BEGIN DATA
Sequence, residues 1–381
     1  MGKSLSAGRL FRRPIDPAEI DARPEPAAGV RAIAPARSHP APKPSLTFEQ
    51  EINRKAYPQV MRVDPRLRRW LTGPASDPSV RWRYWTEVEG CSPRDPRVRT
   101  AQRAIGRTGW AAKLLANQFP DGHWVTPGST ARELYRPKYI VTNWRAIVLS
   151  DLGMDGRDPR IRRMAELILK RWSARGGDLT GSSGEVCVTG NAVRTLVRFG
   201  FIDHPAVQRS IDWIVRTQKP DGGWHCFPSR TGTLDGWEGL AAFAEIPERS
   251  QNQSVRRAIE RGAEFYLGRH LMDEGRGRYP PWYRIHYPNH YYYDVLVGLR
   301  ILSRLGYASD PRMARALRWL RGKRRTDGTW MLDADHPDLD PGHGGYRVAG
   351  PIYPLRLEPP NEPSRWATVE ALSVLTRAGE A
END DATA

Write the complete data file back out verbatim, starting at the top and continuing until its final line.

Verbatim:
Sequence, residues 1–381
     1  MGKSLSAGRL FRRPIDPAEI DARPEPAAGV RAIAPARSHP APKPSLTFEQ
    51  EINRKAYPQV MRVDPRLRRW LTGPASDPSV RWRYWTEVEG CSPRDPRVRT
   101  AQRAIGRTGW AAKLLANQFP DGHWVTPGST ARELYRPKYI VTNWRAIVLS
   151  DLGMDGRDPR IRRMAELILK RWSARGGDLT GSSGEVCVTG NAVRTLVRFG
   201  FIDHPAVQRS IDWIVRTQKP DGGWHCFPSR TGTLDGWEGL AAFAEIPERS
   251  QNQSVRRAIE RGAEFYLGRH LMDEGRGRYP PWYRIHYPNH YYYDVLVGLR
   301  ILSRLGYASD PRMARALRWL RGKRRTDGTW MLDADHPDLD PGHGGYRVAG
   351  PIYPLRLEPP NEPSRWATVE ALSVLTRAGE A